- At 1 year, walking pain had decreased more in the surgical group than in the other two groups (similar magnitude).
- At 1 year, respectively 83%, 46%, and 24% of the operated, orthotic, and “no intervention” groups reported improvement compared to the start of the study.
Some studies follow patients for several months or years after surgery (on average 2 years). Recurrence of hallux valgus occurs in 1/4 of operated patients (Ezzatvar 2021).
There are other potential complications that also depend on the technique used. If you are considering surgery and want to know the potential types of complications and their frequency in advance, you can ask your surgeon to provide you with that information.
Keep in mind that these complications are relatively rare, and the majority of people who undergo surgery do not experience them.
A study compilation lists complications after bunion using the percutaneous technique (Miranda 2021):
- 18% of operated individuals experience joint stiffness
- 15% experience bunion recurrence
- 15% have a shorter metatarsal bone
- 10% cannot tolerate the implanted material
- 9% develop arthritis
- 8% experience infection
- 5% have pain in another toe
Some people may consider undergoing surgery for unilateral or bilateral hallux valgus. In the first year, pain is reduced more compared to doing nothing or wearing orthotics. However, it is unknown if the relief persists over time, and the magnitude of pain reduction is around -15 points/100. 1/4 of operated people experience bunion recurrence.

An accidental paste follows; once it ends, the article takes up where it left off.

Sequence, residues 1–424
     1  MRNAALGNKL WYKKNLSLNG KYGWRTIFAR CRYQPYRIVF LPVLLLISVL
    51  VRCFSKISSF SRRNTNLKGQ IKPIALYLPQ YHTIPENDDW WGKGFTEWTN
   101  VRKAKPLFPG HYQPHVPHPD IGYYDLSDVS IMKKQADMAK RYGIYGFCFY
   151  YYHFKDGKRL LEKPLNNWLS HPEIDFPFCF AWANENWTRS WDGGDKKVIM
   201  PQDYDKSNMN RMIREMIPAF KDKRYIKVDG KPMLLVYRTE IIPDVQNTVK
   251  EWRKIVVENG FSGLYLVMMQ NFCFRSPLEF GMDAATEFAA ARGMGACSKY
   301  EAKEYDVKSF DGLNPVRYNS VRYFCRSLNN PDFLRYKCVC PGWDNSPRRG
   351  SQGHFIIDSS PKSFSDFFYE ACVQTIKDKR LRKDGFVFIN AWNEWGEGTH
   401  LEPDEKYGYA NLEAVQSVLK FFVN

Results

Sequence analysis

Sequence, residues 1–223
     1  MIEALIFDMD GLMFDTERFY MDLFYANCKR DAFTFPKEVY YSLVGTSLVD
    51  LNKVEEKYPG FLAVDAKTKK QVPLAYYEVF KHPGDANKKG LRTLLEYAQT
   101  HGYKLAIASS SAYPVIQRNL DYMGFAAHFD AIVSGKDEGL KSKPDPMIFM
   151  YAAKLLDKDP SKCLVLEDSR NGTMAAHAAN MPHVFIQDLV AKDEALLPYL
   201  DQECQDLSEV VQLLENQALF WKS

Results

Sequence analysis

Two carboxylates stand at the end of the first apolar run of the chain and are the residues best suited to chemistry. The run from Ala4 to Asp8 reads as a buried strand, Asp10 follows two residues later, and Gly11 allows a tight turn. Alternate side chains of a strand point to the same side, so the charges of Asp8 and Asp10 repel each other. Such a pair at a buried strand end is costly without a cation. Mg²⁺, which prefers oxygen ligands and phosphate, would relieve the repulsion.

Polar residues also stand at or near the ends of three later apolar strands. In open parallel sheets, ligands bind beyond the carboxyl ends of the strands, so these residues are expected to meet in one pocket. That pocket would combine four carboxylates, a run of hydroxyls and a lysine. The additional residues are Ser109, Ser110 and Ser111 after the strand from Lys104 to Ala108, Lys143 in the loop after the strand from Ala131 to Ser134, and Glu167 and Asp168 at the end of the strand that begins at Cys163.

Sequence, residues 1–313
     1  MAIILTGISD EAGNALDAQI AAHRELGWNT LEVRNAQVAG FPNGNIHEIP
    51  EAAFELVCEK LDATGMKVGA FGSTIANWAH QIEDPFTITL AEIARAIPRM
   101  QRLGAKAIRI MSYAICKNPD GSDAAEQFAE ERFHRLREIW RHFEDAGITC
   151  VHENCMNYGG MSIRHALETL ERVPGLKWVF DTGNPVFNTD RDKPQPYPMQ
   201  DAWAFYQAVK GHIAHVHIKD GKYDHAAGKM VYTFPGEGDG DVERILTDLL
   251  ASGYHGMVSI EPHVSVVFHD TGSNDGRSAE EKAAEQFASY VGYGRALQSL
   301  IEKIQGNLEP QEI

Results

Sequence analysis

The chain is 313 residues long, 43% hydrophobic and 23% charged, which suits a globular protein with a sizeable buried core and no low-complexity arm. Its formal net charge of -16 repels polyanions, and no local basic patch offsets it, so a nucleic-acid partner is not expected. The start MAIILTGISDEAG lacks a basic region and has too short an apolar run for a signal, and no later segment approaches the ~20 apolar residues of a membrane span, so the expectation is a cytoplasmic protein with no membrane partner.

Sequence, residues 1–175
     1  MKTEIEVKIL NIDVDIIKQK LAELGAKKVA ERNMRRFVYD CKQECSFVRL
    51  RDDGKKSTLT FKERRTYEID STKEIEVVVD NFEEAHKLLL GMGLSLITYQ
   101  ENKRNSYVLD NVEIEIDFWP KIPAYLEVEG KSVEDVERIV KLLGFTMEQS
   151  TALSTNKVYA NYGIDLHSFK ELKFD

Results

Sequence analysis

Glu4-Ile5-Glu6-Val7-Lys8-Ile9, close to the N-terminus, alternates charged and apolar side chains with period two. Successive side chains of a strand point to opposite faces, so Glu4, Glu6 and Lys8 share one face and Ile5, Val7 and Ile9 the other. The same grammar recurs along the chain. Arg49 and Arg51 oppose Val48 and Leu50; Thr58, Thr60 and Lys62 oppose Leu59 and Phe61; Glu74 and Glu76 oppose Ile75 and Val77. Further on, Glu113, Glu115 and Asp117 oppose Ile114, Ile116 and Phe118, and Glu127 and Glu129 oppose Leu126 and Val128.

Summary: prevention and treatment of bunion, the opinion of a physical therapist
I understand that you are looking for a solution to no longer be bothered by your bunion, or at least significantly less bothered, in a lasting way. You want to experience less pain and have the ability to do everything you want.
Throughout this blog post, I have tried to present to you the rational and possible treatment options without surgery as clearly and objectively as possible. Based on this information, it is up to you to interpret and determine if something is relevant and appropriate for your specific case.
For those who are interested, here is my personal perspective on the management of bunion.
Based on our current knowledge of the human body, the causes of hallux valgus (largely genetic), and the available treatments, it seems that there is no “miracle” or definitive treatment for this foot problem. Even with surgery, recurrence is common (1/4 of patients within 2 years after surgery).
It is also important to keep in mind that the deformity does not necessarily worsen over time. For example, bunion worsened in only 1/3 of individuals around the age of 50 who were followed for 7 years. So, be optimistic! 🙂
The easiest thing to do, in my opinion, is to avoid wearing shoes that can exacerbate discomfort and deformity 👠.
If you want to do a bit more, you can mobilize your toe in the opposite direction of the deformity and maintain overall mobility.
You may consider using a toe separator or night orthosis as well.